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Transplantation. 2001 May 27;71(10):1424-8.

Renal replacement therapy and orthotopic liver transplantation: the role of continuous veno-venous hemodialysis.

Author information

1
Baylor Institute of Transplant Sciences, Baylor University Medical Center, 3500 Gaston Avenue, Dallas, TX 75204, USA. tgonwa@earthlink.net.

Abstract

BACKGROUND:

The need for renal replacement therapy (RRT) either before or after orthotopic liver transplant (OLTX) has been reported to be a poor prognostic indicator for survival. Use of continuous veno-venous hemodialysis (CVVHD) for RRT has been reported in three series of OLTX patients with high 90-day mortality rates of 57-60%. We have examined our patient population to determine the effect of necessity and type of RRT on patient survival after OLTX.

METHODS:

We analyzed 1535 OLTX that were performed at our institution from 1985 through 1999, 1037 from 1985 to 1995 (period I) and 498 from 1996 to 1999 (period II). Combined liver-kidney transplants were excluded from analysis. Hospital dialysis unit records and a prospectively maintained database on all OLTX patients served as the source of data. Patients were classified into groups defined on whether or not they received RRT, when they received RRT, and the type of RRT. Groups were compared for preoperative intensive care unit status, time on the waiting list, laboratory variables, 90-day postoperative mortality, 1-year patient survival, and absolute survival.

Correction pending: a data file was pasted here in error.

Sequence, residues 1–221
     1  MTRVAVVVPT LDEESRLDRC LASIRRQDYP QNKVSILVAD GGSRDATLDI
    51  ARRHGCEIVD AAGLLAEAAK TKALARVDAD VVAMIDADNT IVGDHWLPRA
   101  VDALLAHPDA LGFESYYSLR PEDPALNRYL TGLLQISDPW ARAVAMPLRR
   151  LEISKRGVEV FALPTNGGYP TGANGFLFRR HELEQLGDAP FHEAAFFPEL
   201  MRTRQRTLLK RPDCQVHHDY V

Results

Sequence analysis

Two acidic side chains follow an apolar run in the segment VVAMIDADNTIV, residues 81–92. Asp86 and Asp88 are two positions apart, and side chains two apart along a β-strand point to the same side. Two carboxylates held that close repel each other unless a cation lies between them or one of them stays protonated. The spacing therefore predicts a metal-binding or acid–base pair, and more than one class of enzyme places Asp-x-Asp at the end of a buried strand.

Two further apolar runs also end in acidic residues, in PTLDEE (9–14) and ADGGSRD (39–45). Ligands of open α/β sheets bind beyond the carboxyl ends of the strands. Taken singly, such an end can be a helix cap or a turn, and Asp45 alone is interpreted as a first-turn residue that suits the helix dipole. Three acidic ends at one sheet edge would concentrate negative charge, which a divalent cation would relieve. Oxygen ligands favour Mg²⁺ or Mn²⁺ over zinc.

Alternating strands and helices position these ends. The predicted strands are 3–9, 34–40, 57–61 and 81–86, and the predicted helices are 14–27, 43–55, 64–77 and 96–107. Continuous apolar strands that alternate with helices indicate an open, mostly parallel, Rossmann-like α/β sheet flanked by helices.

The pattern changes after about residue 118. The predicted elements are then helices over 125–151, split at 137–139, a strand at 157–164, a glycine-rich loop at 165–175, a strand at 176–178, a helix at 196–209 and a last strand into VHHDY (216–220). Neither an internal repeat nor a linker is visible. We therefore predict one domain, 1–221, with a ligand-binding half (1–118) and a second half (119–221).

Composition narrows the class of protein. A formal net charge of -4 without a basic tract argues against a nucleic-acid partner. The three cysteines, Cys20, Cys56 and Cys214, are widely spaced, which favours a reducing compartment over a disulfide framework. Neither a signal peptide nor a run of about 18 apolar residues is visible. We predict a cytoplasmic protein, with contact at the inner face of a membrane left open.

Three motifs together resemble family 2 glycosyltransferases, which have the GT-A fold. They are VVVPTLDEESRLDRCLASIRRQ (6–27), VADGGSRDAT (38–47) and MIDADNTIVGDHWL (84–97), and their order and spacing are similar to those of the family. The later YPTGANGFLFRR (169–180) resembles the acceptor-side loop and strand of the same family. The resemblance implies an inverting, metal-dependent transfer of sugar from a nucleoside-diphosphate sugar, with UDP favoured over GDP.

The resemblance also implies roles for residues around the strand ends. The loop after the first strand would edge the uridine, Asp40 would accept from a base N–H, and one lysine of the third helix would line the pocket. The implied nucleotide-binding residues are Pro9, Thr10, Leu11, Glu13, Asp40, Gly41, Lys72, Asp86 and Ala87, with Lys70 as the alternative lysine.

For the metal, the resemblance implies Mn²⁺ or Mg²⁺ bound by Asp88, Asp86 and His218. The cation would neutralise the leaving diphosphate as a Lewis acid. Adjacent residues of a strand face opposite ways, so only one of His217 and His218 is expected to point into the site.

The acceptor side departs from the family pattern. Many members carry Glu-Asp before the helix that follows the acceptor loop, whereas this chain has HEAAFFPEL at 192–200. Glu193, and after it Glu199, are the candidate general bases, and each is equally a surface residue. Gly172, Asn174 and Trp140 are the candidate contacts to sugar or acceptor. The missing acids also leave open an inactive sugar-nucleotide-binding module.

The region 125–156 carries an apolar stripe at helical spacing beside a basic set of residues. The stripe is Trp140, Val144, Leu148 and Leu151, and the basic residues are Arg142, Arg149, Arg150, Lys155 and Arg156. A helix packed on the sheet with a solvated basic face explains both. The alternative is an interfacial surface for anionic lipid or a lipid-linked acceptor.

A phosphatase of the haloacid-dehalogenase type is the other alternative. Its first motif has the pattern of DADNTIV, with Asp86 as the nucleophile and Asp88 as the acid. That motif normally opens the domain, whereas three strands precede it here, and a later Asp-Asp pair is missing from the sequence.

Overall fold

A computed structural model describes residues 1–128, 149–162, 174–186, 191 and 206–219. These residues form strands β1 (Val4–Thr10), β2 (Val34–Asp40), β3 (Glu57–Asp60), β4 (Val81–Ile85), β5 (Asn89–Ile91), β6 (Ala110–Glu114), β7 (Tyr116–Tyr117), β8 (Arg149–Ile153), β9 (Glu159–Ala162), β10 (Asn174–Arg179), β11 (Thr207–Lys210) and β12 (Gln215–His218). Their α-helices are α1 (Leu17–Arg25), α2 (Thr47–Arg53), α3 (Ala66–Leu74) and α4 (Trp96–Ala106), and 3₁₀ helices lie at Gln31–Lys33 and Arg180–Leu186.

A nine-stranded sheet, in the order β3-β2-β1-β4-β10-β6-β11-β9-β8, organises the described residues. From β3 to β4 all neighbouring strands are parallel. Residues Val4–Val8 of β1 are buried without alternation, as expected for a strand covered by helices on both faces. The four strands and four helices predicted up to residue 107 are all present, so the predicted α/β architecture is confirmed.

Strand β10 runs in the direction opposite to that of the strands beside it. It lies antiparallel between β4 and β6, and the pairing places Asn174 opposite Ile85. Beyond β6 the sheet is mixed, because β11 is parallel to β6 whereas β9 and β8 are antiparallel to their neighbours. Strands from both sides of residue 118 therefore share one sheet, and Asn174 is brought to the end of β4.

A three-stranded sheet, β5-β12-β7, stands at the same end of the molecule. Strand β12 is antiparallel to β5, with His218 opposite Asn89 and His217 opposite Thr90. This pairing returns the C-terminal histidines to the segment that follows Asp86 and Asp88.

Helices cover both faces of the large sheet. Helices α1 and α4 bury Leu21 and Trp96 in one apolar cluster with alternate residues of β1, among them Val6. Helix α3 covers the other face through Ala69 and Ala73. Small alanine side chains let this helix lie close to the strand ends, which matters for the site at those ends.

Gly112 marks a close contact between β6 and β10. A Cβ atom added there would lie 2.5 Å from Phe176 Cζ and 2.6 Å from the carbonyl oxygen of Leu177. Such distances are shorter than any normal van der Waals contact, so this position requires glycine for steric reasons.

RESULTS:

Use of RRT increased from 8.29% in period I to 12.45% in period II, along with increased median waiting times. In period I, patients receiving preoperative RRT had a 90-day mortality (0%) and a 1-year survival (89.5%) almost identical to those patients who never required RRT (1.7% and 90.6%). Patients who developed acute renal failure postoperatively requiring RRT, however, had a 90-day mortality of 28.6% and a 1-year survival of 55%. In period II, patients requiring RRT had a 90-day mortality of 39.7% and a 1-year actuarial survival of 54.5% compared with 6.9% and 88.6% in patients never requiring RRT. Patients treated with CVVHD had a 90-day mortality of 42% compared with 25% in patients treated with hemodialysis alone. However, patients receiving CVVHD both pre- and postoperatively had a 90-day mortality of 27.7% vs. 50% in those patients who only received CVVHD postoperatively. Patients who developed acute renal failure postoperatively, which required RRT, regardless of therapy, had a 1-year survival of only 41.0% compared with a 1-year survival of 73.6% in those patients started on RRT preoperatively, P=0.03.

CONCLUSIONS:

The need for RRT has increased along with waiting time in OLTX patients. Patients developing the need for RRT postoperatively have an increased 90-day mortality and lower 1-year survival with the highest being present in patients receiving CVVHD, which was started postoperatively. These findings may reflect a trend toward a sicker population awaiting OLTX and emphasize the negative impact of renal failure on survival after OLTX.

[Indexed for MEDLINE]

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